Last time I picked up the pieces of this “Interrogating the Text” series and gave you a general review of Lev Grossman’s The Magicians. But I wanted to talk a little about the writing lessons I learned from this book: what I liked, what I disliked, why I liked or disliked it, and what I can learn from that to apply to my own writing.
The remainder of this discussion won’t make much sense if you haven’t read The Magicians, I’m afraid. And if you haven’t read it, and think you might like to, this post will contain spoilers for the ending of the book. If you’re not sure if you’d like to, may I suggest you take a gander at my review in last week’s post, or this review here. And one last warning: I’m going really in depth here, so this post is rather quite a bit long. So settle in for an epic journey, if novel-writing-lessons are your cup of tea.
First, I want to make it clear, in case it wasn’t in my earlier post: I really enjoyed reading this book. It was compelling and interesting. For much of the book, it was a page-turner. But I wasn’t satisfied by it’s ending. Something felt off about it.
So let’s dig into that.
What did I like about The Magicians? I liked the book’s style: while not as lyrical or poetic, for instance, as the works of Cathrynne Valente, it was nonetheless composed with a very compelling and interesting style. It’s intelligent, and it makes no excuses for its intelligence. It comes with a clear literary pedigree, but instead of eschewing the conventions of genre or speculative fiction and especially of YA fantasy (despite being decidedly not a YA book).
I especially liked the manner with which the book played with genre conventions, and the clever use of a book (series)-within-a-book. The Magicians plays up the tropes of the normal-person-enters-magical-world (i.e. “portal fantasy”) at every turn, and cleverly lampshades these conventions several times. (For example, the Harry Potter books are mentioned by name in the course of the narrative, as is Tolkien’s Middle Earth.) And there’s a lot of cool meta-fictional layers to the whole idea of Fillory in the book. For example: Christopher Plover, the fictional author of the Fillory books, has a webpage. There are even web pages for “fans” of the Fillory series.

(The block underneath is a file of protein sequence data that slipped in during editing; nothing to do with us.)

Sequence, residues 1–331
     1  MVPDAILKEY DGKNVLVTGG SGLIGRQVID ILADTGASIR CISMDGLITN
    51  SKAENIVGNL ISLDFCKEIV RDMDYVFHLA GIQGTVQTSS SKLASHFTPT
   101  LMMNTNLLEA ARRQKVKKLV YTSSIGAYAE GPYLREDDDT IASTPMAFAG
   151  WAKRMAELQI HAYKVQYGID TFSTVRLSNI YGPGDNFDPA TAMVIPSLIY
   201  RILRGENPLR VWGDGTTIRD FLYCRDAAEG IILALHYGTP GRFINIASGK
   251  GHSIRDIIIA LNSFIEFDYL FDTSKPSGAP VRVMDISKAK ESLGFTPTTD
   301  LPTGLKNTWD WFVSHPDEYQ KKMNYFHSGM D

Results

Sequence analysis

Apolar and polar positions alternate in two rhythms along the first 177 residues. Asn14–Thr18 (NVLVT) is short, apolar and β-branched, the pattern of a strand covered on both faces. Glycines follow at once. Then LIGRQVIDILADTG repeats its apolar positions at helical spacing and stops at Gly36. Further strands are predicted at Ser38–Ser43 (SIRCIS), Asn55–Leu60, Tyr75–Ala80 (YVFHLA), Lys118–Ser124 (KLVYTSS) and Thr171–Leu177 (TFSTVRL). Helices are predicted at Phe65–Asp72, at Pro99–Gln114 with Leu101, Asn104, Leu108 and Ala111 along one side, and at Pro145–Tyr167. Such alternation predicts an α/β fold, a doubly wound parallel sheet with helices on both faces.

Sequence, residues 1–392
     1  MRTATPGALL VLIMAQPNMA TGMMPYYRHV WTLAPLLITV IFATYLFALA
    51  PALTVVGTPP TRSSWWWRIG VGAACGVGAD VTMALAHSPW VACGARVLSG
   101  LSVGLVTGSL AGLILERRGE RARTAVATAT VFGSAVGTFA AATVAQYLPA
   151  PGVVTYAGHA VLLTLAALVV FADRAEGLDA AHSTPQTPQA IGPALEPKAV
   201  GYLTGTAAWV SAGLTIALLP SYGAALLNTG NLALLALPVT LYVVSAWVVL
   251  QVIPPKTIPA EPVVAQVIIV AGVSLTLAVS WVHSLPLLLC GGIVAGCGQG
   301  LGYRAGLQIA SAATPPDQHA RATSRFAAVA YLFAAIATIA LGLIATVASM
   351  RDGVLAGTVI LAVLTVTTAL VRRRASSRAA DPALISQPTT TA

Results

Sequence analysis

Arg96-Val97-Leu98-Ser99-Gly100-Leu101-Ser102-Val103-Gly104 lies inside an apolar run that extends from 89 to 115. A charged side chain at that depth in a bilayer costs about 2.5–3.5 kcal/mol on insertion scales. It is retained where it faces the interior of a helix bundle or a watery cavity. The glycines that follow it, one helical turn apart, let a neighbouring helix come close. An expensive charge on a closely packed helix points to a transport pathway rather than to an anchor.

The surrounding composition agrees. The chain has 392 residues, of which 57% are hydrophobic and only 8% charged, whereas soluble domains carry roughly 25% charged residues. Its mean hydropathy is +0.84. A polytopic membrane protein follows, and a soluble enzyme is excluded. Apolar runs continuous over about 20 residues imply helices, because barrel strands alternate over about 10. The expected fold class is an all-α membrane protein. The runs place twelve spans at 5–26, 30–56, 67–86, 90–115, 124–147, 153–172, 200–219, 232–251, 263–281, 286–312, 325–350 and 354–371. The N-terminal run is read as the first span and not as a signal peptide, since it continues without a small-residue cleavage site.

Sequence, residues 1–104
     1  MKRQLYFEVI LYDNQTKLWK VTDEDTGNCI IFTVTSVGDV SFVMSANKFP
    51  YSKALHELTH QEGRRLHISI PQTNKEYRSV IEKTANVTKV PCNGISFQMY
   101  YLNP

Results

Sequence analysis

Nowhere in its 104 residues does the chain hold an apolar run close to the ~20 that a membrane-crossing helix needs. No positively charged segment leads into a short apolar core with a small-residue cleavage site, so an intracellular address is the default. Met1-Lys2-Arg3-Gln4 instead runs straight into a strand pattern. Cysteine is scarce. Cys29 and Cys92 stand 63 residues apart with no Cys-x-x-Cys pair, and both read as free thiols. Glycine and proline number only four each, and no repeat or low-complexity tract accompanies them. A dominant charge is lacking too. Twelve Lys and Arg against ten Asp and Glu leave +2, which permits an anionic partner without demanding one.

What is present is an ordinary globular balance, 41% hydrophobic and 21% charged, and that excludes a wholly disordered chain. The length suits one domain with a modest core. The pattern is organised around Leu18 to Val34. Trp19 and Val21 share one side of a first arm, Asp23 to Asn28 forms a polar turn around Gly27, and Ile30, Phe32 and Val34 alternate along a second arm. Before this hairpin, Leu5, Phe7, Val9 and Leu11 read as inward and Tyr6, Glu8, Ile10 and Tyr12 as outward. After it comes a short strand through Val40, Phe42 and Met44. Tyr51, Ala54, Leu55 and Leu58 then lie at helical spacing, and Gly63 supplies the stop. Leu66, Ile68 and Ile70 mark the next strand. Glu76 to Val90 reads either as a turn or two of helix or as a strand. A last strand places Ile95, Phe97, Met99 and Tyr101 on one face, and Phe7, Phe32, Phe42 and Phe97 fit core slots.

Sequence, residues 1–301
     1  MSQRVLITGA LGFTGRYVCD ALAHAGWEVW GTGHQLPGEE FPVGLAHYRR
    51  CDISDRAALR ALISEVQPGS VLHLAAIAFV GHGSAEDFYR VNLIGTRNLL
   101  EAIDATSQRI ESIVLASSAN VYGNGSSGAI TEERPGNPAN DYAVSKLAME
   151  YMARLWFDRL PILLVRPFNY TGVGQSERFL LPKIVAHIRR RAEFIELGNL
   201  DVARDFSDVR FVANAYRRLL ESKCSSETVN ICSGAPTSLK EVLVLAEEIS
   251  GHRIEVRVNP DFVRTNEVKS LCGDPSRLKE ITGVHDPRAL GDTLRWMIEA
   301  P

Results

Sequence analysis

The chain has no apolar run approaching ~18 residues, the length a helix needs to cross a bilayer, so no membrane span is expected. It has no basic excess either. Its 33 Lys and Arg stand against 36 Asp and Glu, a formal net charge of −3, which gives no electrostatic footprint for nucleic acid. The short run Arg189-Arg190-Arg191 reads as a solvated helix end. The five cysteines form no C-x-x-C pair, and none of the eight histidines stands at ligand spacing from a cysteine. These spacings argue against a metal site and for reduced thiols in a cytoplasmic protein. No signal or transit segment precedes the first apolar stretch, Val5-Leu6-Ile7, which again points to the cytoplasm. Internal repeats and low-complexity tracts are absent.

But there were some difficult things about The Magicians as well, and they relate primarily to the characters and to the ending.
The characters are somewhat problematic in The Magicians because most of them, with the exception of Alice, are to a greater or lesser degree unlikable. Quentin Coldwater, the protagonist, is so drunk on his own angst that he often can’t take time to realize how really great his life is. As mentioned in the prior post, his main saving grace is his unwavering faith in the Fillory books he so loved as a child – although almost all of the characters in The Magicians has read or is familiar with the Fillory books, no one knows them better than Quentin. There are times in the course of the books that Quentin forgets how much he hates his life and allows himself, as if by accident, to be happy – and these were some of the most pleasurable passages in the book. Sometimes these times are brought to an end by some circumstance of plot, or some external factor. But just as often they are ended by Quentin doing something profoundly stupid because he’s just remembered how he hates his life. From Quentin’s perspective, happiness is some nebulous thing that’s always just out of reach, always dependant on reaching some imagined place that is apparently unreachable. When he discovers magic is real, he thinks he’ll be happy, and is surprised when he is not. But throughout the book we get the sense that Quentin believes that if he could only go to Fillory for real, then he’d be happy.